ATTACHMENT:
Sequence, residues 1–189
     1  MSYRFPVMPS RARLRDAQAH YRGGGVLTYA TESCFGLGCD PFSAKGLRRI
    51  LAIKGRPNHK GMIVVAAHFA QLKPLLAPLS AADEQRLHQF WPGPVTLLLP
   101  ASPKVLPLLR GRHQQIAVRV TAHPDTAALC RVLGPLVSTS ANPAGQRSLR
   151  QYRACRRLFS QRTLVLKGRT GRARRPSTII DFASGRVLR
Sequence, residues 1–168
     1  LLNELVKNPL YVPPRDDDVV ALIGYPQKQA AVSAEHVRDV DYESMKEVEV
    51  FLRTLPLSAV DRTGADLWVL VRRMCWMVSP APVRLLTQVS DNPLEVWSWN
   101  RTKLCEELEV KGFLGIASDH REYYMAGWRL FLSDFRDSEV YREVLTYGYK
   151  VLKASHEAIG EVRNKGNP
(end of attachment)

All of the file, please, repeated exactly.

Sequence, residues 1–189
     1  MSYRFPVMPS RARLRDAQAH YRGGGVLTYA TESCFGLGCD PFSAKGLRRI
    51  LAIKGRPNHK GMIVVAAHFA QLKPLLAPLS AADEQRLHQF WPGPVTLLLP
   101  ASPKVLPLLR GRHQQIAVRV TAHPDTAALC RVLGPLVSTS ANPAGQRSLR
   151  QYRACRRLFS QRTLVLKGRT GRARRPSTII DFASGRVLR
Sequence, residues 1–168
     1  LLNELVKNPL YVPPRDDDVV ALIGYPQKQA AVSAEHVRDV DYESMKEVEV
    51  FLRTLPLSAV DRTGADLWVL VRRMCWMVSP APVRLLTQVS DNPLEVWSWN
   101  RTKLCEELEV KGFLGIASDH REYYMAGWRL FLSDFRDSEV YREVLTYGYK
   151  VLKASHEAIG EVRNKGNP